I am surprised the book never gained traction because, while it does have a lurking darkness, it is cleverly funny. I do not want to dissuade by comparisons to “popular” fiction, but I would have thought that, if nothing else, Mischief would have gained some of that affection the public lavishes on works like The Curious Incident of the Dog in the Night-Time with its sweetly entrancing, first person narrator. It is a joy to spend time with Charlie. He is a character you will not forget. He is too original, too likable, and too much of a challenge to our conception of ourselves to fade from memory.

Thanks, Kerry, for taking part in my Triple Choice Tuesday!

I have to say I’m intrigued by all three, particular the Nabokov which I have picked up in bookstores countless times but never actually bought nor read. Perhaps it’s time to rectify that…

What do you think of Kerry’s choices? Have you read any of these books?

13 thoughts on “Triple Choice Tuesday: Hungry Like the Woolf”

  1. I haven’t read a single book from Kerrys list, and they all sound like books I should have read. So I guess thats three more books to pop on the ‘keep my eye on’ list before they are added to the wish list.
    I always thought Lolita was were people said you should start with Nabokov, maybe as its the most renowned, so its interesting and refreshing to hear someone say another book.


  2. Intriguing choices. The only one I have read is Pale Fire, many years ago (I honestly cannot remember whether I read this before or after Lolita); I love Nabokov’s writing and I really should read more of his work, starting with Ada or Ador, which has been whispering my name for years.


  3. An interesting list. Mischief sounds appealing. I’m going to look at it.
    I love your Triple Choice Tuesday. I often find something I think is worth pursuing.


  4. Like Simon – I’ve never even heard of any of these books. The Nabokov is not the obvious choice from this fine author – it sounds a rather challenging read


  5. I am particularly intrugued by Mischief – enough to go and check it out further.
    I have read Lolita years ago and loved it so it’s strange that I haven’t picked up anything else by him yet – I have heard good things about Pale Fire though – another for the Mt.TBR!
    Thanks for sharing, Kerry.


  6. Kerry, we are more like-minded than I knew:
    “I want my books intriguing. I want them funny. I want them dark. And I want them beautiful”
    Me too!
    PS Will hunt out that Nabokov, all I’ve ever read of his is Lolita…


  7. Kim,
    Thank you for the opportunity to share some of my favorite books with your readers.
    For all those who are intrigued by Mischief, it really is quite good. You needn’t only take my word for it, The Complete Review gave it the very rare, jealously coveted “A+” rating. “marvelous satire, extremely well written”
    I know, double dipping. But it IS worth finding. Unfortunately, it is very hard to find in the U.S. I actually ordered a copy from the U.K. based on The Complete Review’s recommendation (this is several years ago), but I am happy I did. Excellent book.
    And, yes, Pale Fire is my favorite Nabokov and, therefore, my favorite book (unless it is a Virginia Woolf day, or a Camus day).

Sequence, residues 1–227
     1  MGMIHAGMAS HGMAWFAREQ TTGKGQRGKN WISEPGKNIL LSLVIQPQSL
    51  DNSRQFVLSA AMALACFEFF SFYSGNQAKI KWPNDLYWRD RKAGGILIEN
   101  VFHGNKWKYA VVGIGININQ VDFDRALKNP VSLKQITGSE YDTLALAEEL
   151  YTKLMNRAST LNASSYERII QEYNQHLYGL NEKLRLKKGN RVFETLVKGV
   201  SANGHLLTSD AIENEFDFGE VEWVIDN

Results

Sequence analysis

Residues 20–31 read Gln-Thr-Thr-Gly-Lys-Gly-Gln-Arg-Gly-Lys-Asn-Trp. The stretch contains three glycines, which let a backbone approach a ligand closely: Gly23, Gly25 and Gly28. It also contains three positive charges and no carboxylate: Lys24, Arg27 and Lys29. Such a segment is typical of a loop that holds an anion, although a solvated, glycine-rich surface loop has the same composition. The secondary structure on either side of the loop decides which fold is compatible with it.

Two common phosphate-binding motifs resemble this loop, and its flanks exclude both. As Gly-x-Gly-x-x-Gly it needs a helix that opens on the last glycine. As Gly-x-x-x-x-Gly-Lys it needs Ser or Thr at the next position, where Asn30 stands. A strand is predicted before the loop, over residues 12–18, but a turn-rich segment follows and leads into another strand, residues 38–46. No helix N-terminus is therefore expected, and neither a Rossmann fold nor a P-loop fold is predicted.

You are all more than welcome. I thank you all, and Kim, for the opportunity to proselytize on behalf of some of my cherished titles.


  8. Oh, Lisa beat me to it. I was going to say the same: “I want my books intriguing. I want them funny. I want them dark. And I want them beautiful.” I wish I’d said that. It also makes me realise why you, like I do, include JM Coetzee among your favourites. I’m not sure each book meets all four criteria he is certainly intriguing and dark!
    I haven’t heard of Gina Merriault but we have many women writers in Australia who were “discovered” late in their lives. Too bad. Anyhow, I must check her out.


  9. Thanks Lisa and Kim for the compliment/comment on the quote. That IS how I like my books and, because you guys do too, that’s probably why enjoy both of your blogs so much.
    Yes, Coetzee is not typically funny (though sometimes), but he generally ticks the other three boxes (in my fairly limited; Disgrace and the trilogy) experience. I am eager to read more of his novels.
    The good thing about Berriault is that she writes short stories and novellas, so she does not demand an inordinate amount of your time. I believe the return on investment is AAA grade, but would love to hear your thoughts.


  10. I’ve heard many people preferring Pale Fire to Lolita when picking their favourite books. I’ve only read the latter and have been a little intimidated about reading the former even though I’ve been meaning to for a while. But since you think it’s one of literature’s best works, I think I’ll have to go and look for it.


I'd love to know what you think, so please leave a comment below

Fill in your details below or click an icon to log in: Logo

You are commenting using your account. Log Out /  Change )

Twitter picture

You are commenting using your Twitter account. Log Out /  Change )

Facebook photo

You are commenting using your Facebook account. Log Out /  Change )

Connecting to %s

This site uses Akismet to reduce spam. Learn how your comment data is processed.